I'm not quite sure why they're focused on homicide since it has a very low rate of rearrest. It's a pretty rare crime and extremely rare for someone to commit another homicide after being released.

    Robbery/burglary/theft have the highest rates of recidivism – over 70%.

    As much as I hate to fall on the side of the police/legal system for anything, I don't find this particular program egregious. The inmate rights advocates they mention in the article are full of shit on this one – around 60% of people who spend time in prison are going back to prison when they're released. The majority of people who go to prison are going to recommit some sort of crime. And while you're on probation, you're still serving some sort of sanction for a crime that you committed. It's not harassment and it's not out of line for communities to figure out how best to allocate their probation officers' time.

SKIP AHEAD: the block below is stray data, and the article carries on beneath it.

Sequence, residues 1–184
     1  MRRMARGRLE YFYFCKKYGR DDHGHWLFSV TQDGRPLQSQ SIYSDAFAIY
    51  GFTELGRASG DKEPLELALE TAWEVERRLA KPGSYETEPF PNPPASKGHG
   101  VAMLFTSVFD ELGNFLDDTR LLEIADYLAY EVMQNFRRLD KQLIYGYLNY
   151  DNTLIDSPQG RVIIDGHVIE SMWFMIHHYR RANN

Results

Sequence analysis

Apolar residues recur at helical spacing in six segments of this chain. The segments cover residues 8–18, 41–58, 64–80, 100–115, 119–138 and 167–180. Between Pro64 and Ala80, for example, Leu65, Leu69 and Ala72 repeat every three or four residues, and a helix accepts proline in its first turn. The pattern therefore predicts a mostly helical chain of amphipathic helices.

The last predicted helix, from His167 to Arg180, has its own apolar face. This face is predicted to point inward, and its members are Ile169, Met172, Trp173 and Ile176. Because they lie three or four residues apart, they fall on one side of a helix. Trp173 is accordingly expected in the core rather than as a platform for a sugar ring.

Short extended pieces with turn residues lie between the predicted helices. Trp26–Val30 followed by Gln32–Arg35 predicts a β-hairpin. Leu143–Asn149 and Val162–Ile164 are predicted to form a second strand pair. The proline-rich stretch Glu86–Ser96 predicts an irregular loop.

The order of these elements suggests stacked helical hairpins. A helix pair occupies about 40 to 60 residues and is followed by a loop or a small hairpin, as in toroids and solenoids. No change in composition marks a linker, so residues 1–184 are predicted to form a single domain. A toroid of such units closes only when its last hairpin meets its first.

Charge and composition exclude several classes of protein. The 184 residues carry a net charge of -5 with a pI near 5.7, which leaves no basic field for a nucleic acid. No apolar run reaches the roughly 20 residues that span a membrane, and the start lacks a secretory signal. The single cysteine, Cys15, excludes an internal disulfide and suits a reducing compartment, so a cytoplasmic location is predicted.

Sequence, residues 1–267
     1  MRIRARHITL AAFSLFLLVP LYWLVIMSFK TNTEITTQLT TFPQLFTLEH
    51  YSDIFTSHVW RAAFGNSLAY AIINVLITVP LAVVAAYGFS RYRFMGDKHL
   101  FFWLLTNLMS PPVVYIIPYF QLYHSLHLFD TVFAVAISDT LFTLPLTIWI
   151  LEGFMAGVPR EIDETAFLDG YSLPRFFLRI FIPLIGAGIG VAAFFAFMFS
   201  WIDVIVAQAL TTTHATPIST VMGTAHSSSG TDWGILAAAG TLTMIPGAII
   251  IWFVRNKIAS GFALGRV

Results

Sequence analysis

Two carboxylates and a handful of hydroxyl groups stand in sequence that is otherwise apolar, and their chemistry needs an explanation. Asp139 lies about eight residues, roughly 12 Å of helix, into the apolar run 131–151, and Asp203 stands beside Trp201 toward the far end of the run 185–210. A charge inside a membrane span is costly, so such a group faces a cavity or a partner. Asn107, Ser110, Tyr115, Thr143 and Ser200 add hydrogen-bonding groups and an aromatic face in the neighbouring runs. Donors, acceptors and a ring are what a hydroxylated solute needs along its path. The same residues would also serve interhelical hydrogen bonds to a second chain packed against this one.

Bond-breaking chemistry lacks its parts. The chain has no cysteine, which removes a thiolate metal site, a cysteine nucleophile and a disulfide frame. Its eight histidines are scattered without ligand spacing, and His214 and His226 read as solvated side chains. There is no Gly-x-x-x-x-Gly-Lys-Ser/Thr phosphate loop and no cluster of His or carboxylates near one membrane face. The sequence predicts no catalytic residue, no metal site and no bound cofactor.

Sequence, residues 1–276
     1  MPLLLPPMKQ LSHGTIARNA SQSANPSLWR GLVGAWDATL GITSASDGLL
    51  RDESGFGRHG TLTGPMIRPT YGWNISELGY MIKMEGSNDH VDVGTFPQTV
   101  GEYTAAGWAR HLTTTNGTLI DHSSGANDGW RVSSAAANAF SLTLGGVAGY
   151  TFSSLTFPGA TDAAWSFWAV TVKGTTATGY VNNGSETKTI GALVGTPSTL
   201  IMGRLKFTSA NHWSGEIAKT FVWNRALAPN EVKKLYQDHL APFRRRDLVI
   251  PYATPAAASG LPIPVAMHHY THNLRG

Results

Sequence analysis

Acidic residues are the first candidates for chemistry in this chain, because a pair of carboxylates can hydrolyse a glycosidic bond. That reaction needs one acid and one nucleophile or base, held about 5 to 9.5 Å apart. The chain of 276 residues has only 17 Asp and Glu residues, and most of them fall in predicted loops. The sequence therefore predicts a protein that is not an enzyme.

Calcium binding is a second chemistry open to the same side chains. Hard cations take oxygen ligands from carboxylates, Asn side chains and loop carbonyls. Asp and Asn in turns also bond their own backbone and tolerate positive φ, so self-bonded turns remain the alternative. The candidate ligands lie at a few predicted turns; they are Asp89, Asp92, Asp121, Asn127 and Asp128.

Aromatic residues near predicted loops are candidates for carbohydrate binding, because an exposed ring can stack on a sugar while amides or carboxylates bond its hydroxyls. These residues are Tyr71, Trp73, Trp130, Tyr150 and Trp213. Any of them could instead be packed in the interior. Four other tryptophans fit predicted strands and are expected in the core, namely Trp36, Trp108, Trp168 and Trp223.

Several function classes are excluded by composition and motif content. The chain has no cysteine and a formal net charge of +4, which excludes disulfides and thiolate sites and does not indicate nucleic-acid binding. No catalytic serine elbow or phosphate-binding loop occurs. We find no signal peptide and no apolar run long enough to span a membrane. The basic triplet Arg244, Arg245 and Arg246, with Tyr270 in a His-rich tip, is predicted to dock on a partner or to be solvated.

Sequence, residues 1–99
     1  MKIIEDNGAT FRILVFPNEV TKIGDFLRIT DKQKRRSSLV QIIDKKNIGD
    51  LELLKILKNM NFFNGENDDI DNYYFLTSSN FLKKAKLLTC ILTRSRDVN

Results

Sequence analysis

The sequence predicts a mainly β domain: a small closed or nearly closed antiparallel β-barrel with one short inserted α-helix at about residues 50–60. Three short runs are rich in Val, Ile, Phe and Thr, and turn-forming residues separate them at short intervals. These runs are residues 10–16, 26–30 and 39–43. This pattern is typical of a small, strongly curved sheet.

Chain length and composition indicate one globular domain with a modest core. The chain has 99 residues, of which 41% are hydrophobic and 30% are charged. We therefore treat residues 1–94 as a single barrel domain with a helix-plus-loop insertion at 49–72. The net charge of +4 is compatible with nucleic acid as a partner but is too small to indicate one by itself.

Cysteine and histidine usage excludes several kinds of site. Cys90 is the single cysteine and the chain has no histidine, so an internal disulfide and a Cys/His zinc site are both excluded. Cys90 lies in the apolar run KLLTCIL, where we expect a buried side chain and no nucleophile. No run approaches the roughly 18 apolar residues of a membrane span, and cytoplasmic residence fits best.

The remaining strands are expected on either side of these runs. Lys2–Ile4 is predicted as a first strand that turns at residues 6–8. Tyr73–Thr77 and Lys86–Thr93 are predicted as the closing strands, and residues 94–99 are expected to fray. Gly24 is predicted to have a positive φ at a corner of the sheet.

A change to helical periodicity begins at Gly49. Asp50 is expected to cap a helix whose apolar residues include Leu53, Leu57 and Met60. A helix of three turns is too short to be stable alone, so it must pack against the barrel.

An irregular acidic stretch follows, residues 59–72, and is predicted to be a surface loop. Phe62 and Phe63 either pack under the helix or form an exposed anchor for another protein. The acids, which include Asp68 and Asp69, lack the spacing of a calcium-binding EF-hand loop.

This is one the prisoner advocate community should let go. They should be saving their arguments for abusive correctional officers, better mental health care, education programs, etc. that might improve the lives of prisoners & reduce the chances they'll recommit crimes, not arguing that monitoring those most likely to recommit a crime closely is harassment.

  3. E.B. Wolf | Aug 25, 2010 at 12:53 pm |

    I'm more fascinated by the increasing desire of humans to have computers do their thinking for them than by the big brother aspects.